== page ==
We are seeing more and more young riders turning professional. What advice would you give them?

PW: Don’t lose the desire to have fun with your bike. Being a pro rider now is pretty stressful. As in many aspects of our life, we have to deal with a lot of information and input: training schedules, numbers, supplements, diet, biomechanics, and equipment. And, at the top, the performance. It’s not easy to manage everything and, by experience, I can say you never get really used to all these things. So, young guys, take your time. First of all, enjoy the beauty of racing, feel the competition, and get stronger and confident through that, especially on the mental side. After a few years, you will know yourself better and the type of rider you are. This will be the moment you can focus on details.


Cycling will miss you, Pieter. We wish you a happy, new life.

Interview with Groupama-FDJ's Ignatas Konovalovas

The team posted this:c

A keystone of the Arnaud Démare’s successful 2020 lead-out train, Ignatas Konovalovas will still be alongside the French champion in 2021, after he extended his contract for one year with the Groupama-FDJ cycling team. This renewal comes after a brilliant season for the Lithuanian rider, despite him entering it with some doubts. In this interview, he talks about it in detail and obviously comes back to the great season both the “Démare group” and himself had.

Ignatas Konovalovas

Ignatas Konovalovas on a break in the second stage of the 2015 Tour du Haut Var. Sirotti photo

Ignatas, the Giro ended almost a month ago. How’s your off-season going since then?

So far, everything is going very well. I am in Lithuania with my family and I’m making the most of it, because during the season I divide my time between the races, Spain and Lithuania. I don’t often have the opportunity to be here, so it’s nice to be able to sit down and see my parents, my loved ones. For sure, the off-season is different from usual. We love traveling with my wife and my son, and that’s what we usually do at this time of year, but that’s impossible now. Therefore, we’re staying in Lithuania, where there is a lockdown and everything is closed. My parents own a house on the town’s outskirts and we moved there. This allows us to enjoy nature, and when the weather is good enough, we like going to the river or observing the fauna. As for the bike, I haven’t used it since the end of the Giro. I plan to resume training next week. I still do small core exercises, 2-3 thirty-minute sessions per week, in order to strengthen my back, where I had certain issues in recent years.

Precisely, your contract extension that was announced on Wednesday did not seem so obvious starting the 2020 season.

The big question mark, both for me and for the team, was related to my back. Last year, I left the Giro with a lumbar hernia. It bothered me all last season, and I did not race for 3-4 months after the Giro. This year, it was planned that I would extend only if everything were going well. However, given the Covid-19 situation and that the season would not resume until August, we agreed with the team to wait. Above all else, the team wanted to extend a healthy rider, who was ready to start again for another season. Their first interest was the rider’s health. Mine, in that case. However, we didn’t race for a long time, we couldn’t foresee the situation. In the end, the best test I could go through was to pass the three weeks of a Grand Tour. As it turned out, the one I raced took place in October this year. So we waited to see how things were going on the Giro, even though we had an encouraging discussion upstream.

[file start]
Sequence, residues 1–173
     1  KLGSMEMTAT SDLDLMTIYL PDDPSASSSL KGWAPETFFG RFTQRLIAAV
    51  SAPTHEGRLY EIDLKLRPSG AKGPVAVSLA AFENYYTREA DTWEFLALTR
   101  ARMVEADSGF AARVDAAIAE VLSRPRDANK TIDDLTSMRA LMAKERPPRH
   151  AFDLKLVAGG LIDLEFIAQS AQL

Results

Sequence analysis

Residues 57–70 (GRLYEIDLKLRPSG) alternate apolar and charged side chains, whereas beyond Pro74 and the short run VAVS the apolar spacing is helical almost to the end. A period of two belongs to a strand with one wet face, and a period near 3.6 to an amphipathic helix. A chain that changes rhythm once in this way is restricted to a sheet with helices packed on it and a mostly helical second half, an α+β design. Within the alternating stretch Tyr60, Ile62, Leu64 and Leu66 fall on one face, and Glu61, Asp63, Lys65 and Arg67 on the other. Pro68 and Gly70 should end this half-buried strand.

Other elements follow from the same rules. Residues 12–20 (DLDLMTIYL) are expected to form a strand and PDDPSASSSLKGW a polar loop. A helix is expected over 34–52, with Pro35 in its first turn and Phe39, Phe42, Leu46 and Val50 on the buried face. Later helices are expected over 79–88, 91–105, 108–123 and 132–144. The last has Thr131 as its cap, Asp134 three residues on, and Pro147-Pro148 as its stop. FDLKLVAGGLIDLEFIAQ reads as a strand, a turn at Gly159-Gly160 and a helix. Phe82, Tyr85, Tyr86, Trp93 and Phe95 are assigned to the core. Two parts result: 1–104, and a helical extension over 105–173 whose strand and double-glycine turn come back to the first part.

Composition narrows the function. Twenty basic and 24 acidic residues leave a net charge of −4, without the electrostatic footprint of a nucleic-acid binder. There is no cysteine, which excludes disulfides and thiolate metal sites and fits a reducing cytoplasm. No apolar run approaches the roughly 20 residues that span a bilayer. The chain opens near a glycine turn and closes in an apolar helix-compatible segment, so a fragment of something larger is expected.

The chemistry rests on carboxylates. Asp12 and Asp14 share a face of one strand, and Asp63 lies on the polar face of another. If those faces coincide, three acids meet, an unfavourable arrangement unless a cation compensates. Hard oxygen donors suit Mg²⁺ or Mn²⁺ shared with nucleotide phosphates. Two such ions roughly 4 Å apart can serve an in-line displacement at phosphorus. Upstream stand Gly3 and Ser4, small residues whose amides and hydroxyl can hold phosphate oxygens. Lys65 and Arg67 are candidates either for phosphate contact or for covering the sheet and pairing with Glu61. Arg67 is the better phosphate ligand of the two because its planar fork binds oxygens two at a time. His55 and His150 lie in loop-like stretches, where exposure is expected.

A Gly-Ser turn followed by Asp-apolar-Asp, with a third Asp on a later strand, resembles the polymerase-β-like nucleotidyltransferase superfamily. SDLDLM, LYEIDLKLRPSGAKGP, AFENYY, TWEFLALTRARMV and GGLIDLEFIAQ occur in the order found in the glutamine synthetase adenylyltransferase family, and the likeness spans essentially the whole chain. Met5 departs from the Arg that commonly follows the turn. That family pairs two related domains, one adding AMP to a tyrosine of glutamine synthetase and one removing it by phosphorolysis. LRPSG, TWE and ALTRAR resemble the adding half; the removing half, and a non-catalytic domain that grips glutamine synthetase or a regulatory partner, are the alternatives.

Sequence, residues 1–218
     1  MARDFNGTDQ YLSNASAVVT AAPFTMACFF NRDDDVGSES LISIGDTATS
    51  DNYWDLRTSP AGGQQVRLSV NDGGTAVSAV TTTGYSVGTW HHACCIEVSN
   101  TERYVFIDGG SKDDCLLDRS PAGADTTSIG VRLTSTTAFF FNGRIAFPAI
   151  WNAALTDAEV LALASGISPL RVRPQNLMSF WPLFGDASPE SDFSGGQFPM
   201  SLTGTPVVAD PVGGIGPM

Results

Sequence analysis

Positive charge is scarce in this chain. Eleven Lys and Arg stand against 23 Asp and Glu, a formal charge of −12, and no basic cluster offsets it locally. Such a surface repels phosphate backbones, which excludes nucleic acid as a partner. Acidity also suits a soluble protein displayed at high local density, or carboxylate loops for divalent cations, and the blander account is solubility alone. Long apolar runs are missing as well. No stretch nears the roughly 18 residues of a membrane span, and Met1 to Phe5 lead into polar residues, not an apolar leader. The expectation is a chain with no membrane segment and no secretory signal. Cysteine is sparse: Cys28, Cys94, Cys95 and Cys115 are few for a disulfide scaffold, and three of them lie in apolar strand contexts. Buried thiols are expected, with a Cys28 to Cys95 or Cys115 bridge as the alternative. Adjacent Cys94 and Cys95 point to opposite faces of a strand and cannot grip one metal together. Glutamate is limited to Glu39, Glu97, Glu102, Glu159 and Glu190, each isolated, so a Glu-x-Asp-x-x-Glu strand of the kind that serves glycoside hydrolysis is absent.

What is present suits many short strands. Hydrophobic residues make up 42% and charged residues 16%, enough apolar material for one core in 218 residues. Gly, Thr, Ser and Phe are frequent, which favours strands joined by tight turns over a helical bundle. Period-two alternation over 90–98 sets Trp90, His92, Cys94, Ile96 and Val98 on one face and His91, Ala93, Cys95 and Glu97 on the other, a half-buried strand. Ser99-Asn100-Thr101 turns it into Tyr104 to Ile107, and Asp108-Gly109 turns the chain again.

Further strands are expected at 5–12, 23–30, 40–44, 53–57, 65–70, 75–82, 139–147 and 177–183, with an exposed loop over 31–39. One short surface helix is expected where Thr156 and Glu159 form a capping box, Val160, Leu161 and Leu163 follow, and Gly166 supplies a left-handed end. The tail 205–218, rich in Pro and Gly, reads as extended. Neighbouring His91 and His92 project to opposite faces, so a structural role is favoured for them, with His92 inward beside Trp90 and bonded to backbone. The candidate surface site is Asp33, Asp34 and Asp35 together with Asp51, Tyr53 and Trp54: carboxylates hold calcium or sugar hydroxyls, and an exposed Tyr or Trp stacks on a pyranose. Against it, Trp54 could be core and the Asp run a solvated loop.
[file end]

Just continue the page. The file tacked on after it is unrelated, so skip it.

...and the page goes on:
Have you always been confident you had the aptitude to pursue your pro career?

From the end of the first lockdown, I was quite confident about my state of health. I only had a little doubt about the return to racing. I did not know how my back would react, but I was reassured quite early. In my head, I always wanted to stay with the pros. You can never know what can happen to you, but I was quite calm throughout the season, from July/August until I left for the Giro. We had always been talking with the team and the sports directors. They were quite confident as well. They just told me, “We want to make sure you don’t have a physical problem anymore, but don’t worry. If you feel good at the end of the Giro, your contract is ready”. Of course, that relieved me. For an athlete who is supposed to leave home in order to do his job properly for three weeks, it is important not to think too much about the future. These words and this confidence from the team helped me a lot.

Are you now completely free from your back problems?

On the bike, I don’t have any problem. It doesn’t bother me. It might bother me once in a while if I don’t sleep well, if the mattress is not great. In these cases, I might wake up in the morning and feel a bit stiff in my back. In the worst case, it might bother me for the first five minutes on the bike, but once I’m warmed up, that’s okay. From the Vuelta a Burgos, which was our first race back, I felt things were going better, but Milan-San Remo was the race that really gave me peace of mind. Even though I didn’t appear in the results sheet, I did do 300 kilometers and seven hours on the bike. And I felt ok afterwards. That’s probably what gave me more confidence and motivated me for the rest of the season.

During this slightly doubtful period, how important was Arnaud’s group for you?

They probably were the ones who supported me the most. The whole group was really helpful morally speaking. We are really close to each other, and they reassured me over and over again, saying: “Don’t worry Kono, given how you’re performing, there is no way you won’t re-sign.” It helped me a lot and it motivated me even more to do my job properly. Yet, at such times, when your future depends on your health, some may think the opposite: doing less to spare yourself, pushing less hard to prevent the pain. Basically, that’s kind of “cheating”. I really wanted to continue, I love my job and what we do with Arnaud, but there was no way I would “cheat” with this group and with these guys. That’s why in each race, like each of us, I gave everything until I had nothing left in my legs. I think that’s also what made our group so successful this year. Everyone would empty himself and would not think about saving some energy.